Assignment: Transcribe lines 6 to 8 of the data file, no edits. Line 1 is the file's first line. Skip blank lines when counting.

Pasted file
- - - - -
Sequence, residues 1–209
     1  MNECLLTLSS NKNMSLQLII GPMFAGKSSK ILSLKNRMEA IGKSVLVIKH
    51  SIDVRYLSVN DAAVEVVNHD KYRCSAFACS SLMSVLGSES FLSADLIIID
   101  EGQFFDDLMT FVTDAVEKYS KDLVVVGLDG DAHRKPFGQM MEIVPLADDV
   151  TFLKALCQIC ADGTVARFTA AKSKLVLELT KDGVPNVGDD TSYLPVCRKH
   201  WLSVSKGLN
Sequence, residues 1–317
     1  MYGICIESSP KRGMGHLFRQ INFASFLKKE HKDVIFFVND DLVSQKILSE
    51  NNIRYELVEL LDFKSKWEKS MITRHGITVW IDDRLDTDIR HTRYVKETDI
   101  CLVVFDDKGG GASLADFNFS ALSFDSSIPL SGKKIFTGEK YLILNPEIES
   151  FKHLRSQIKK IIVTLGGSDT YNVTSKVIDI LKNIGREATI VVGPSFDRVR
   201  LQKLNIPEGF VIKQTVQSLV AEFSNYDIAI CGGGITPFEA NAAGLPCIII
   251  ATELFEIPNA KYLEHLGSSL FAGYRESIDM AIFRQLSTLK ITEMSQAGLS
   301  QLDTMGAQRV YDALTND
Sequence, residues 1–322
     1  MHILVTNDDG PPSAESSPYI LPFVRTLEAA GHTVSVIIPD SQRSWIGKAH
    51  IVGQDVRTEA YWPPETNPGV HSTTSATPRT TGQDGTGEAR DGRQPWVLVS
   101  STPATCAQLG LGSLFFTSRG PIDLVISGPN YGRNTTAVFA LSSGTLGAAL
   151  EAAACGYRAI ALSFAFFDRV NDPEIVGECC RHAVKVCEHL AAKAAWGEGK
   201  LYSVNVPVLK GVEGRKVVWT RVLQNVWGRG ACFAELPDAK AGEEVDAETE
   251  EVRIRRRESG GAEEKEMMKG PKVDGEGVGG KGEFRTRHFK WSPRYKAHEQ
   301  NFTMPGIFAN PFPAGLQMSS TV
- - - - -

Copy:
   201  WLSVSKGLN
Sequence, residues 1–317
     1  MYGICIESSP KRGMGHLFRQ INFASFLKKE HKDVIFFVND DLVSQKILSE